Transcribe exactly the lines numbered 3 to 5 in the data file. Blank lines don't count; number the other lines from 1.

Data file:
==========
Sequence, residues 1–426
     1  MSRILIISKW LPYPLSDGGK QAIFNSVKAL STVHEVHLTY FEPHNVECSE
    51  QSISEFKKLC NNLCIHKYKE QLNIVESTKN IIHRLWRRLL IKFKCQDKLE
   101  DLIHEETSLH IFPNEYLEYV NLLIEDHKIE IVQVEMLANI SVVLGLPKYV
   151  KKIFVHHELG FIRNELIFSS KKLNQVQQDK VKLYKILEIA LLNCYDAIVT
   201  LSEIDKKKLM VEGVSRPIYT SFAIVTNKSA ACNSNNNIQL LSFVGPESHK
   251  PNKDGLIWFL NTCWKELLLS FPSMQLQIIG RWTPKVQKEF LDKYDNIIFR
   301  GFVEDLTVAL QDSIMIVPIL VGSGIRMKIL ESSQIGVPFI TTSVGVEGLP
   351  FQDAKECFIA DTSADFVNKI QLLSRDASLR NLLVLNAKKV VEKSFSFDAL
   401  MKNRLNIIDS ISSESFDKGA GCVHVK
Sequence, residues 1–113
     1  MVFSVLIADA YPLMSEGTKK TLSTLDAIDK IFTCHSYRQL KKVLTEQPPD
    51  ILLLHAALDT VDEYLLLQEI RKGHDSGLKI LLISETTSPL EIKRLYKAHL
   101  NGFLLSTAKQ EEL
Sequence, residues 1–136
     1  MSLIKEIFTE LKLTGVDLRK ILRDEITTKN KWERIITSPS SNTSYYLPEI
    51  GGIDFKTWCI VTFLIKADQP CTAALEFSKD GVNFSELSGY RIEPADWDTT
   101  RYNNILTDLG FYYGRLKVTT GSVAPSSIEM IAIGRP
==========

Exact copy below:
    51  QSISEFKKLC NNLCIHKYKE QLNIVESTKN IIHRLWRRLL IKFKCQDKLE
   101  DLIHEETSLH IFPNEYLEYV NLLIEDHKIE IVQVEMLANI SVVLGLPKYV
   151  KKIFVHHELG FIRNELIFSS KKLNQVQQDK VKLYKILEIA LLNCYDAIVT